It seems almost too obvious to mention, but presidential candidates need a clear idea of why they want to be president. In the past few days, Democrats have heard that their still-undeclared frontrunner, Hillary Clinton, needs time to think about the question. Meanwhile, another undeclared hopeful, Elizabeth Warren, is thrilling liberal audiences with a forceful, point-by-point declaration of the principles that would guide her as president. The contrast is striking.
Clinton is offering Democrats her resume. Warren is offering them a plan.
In an interview with CNN on Monday, former president Bill Clinton said his wife needs time to "think through" what she might want to accomplish if elected to the White House. "We've reached a point in our life when we think you really shouldn't run for office if you don't have a clear idea of what you can do and a unique contribution you can make and you can outline that," Bill Clinton said. "Now that the book is done, she wants time to think about that and work through it."
The former president said "this has been the first free time" in years that his wife has had to think things over. But the Hillary vision problem is nothing new; the weak spot in her White House ambitions has always been offering voters a reason she should be president. That was the case in 2008, when she presented her experience as First Lady and senator -- not her vision -- as the main argument for her candidacy. Now it appears Clinton again views her experience, this time broadened to include a term as Secretary of State, as her prime qualification for the job.
In 2008, voters chose a far less experienced candidate who presented them with a more compelling vision. They could do the same in 2016.
The latest version of that compelling vision was on display last week in Warren's address to Netroots Nation, a yearly gathering of progressive activists. Warren has not said she will run for president, despite the chants of "Run, Liz run!" that nearly drowned out her speech. But Warren sketched out where she stands and how she would govern. The ideas she presented aren't new; they're progressive boilerplate. But they are a plan.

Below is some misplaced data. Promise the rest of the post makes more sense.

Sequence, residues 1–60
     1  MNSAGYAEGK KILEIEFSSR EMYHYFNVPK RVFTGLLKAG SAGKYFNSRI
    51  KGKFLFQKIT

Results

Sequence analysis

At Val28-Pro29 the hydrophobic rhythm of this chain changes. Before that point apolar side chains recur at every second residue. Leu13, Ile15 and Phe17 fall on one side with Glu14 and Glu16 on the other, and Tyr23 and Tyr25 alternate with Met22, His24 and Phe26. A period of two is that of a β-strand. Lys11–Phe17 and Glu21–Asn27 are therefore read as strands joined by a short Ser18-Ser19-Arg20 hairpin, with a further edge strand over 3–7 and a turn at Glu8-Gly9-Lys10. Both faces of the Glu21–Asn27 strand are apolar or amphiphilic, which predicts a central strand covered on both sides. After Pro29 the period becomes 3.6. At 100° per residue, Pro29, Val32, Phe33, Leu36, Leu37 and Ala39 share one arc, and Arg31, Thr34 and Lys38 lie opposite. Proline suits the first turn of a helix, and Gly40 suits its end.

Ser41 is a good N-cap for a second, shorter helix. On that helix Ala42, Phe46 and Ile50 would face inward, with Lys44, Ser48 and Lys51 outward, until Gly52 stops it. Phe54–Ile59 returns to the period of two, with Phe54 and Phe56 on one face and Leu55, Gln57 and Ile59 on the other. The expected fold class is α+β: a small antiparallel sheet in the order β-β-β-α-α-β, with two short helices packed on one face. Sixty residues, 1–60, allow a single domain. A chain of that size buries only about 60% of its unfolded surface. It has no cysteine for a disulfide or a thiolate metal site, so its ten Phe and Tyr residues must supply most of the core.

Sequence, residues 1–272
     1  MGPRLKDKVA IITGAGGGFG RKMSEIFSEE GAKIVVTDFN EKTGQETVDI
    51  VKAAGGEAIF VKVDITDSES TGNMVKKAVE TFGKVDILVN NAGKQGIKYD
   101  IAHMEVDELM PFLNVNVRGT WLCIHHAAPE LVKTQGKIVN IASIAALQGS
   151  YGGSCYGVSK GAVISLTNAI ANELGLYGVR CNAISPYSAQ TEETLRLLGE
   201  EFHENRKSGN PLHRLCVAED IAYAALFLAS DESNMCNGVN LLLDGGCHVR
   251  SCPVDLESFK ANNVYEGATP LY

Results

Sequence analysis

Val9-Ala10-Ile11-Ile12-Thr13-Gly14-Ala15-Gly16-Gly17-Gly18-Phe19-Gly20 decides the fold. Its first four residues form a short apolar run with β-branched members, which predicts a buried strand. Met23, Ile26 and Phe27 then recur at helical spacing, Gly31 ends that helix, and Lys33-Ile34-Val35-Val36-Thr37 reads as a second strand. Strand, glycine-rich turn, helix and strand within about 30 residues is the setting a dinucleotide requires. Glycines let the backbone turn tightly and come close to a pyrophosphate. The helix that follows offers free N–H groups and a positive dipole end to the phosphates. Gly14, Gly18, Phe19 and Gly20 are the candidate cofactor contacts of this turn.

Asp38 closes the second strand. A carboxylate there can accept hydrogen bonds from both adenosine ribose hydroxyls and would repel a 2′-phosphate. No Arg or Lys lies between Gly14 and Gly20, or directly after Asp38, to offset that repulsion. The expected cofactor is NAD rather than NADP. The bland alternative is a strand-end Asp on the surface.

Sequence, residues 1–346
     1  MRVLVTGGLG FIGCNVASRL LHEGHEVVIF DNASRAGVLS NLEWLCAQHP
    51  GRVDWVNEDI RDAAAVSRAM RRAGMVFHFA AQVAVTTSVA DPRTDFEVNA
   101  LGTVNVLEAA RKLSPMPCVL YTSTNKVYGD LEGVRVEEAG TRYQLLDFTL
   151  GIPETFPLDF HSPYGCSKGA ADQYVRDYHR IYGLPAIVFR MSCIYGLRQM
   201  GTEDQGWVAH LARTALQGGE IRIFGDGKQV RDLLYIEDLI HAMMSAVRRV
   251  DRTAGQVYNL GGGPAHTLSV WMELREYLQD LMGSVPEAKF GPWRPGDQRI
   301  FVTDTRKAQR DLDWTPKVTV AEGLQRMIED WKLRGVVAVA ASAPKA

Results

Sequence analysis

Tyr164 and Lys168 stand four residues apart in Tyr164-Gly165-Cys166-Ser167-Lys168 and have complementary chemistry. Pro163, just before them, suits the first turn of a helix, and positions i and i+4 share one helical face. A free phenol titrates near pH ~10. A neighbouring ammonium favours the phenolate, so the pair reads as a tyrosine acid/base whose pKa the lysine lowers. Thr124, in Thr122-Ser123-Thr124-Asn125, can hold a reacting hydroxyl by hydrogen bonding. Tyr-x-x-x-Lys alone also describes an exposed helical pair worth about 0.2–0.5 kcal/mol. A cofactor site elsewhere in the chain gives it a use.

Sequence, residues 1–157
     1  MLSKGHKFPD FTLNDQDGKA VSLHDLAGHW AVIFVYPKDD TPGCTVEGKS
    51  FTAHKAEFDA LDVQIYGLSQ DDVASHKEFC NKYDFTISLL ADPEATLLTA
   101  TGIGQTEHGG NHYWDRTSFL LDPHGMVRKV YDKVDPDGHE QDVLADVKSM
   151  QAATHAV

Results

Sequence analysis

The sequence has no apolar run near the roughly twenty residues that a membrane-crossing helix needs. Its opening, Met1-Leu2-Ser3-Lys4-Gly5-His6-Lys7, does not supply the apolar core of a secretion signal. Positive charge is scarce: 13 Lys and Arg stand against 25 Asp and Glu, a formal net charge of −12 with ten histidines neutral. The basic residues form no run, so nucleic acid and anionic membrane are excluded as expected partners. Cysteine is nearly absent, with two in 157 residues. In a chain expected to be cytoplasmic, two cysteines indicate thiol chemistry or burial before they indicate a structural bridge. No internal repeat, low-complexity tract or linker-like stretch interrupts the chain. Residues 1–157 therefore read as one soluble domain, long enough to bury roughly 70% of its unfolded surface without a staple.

Warren gave the crowd her by-now familiar verdict that the American economic system is "rigged." She promised to fight against the rich and powerful. She pledged "a fight over economics, a fight over privilege, a fight over power," but most importantly, "a fight over values." ("Fight" is perhaps Warren's favorite word; she used it 40 times in a 15-minute speech.)
And then Warren presented a manifesto of sorts. "We believe that Wall Street needs stronger rules and tougher enforcement, and we're willing to fight for it," she began.
"We believe in science, and that means that we have a responsibility to protect this Earth."
"We believe that the Internet shouldn't be rigged to benefit big corporations, and that means real net neutrality."
"We believe that no one should work full-time and still live in poverty, and that means raising the minimum wage."
Warren went on to outline 11 points in all. She promised to fight for a "livable wage," to fight for relief from student debt, to fight to protect Social Security and Medicare, to fight for "equal pay for equal work," to fight for gay rights, to fight for immigration reform and to fight to overturn the Hobby Lobby decision and ensure that women "have a right to their bodies."
Of course the audience loved it. But Warren's message was more than just popular. It was a blessed relief for those activists in the more liberal corners of the Democratic Party who can't bear the idea of supporting an establishment candidate like Hillary Clinton who's gotten rich making speeches to Goldman Sachs. Warren's presence, even if she won't say she is running, is proof that there is a real alternative to Clinton.
But Warren offered the Netroots audience more than just a different face. She offered them an agenda. She didn't say she needed time to "think through" what needs to be done in this country. She didn't appear to wonder whether she should do anything at all.
Instead, Warren promised a spirited fight for specific things. Why wouldn't many Democrats prefer that to a candidate who's trying to figure out what she can contribute?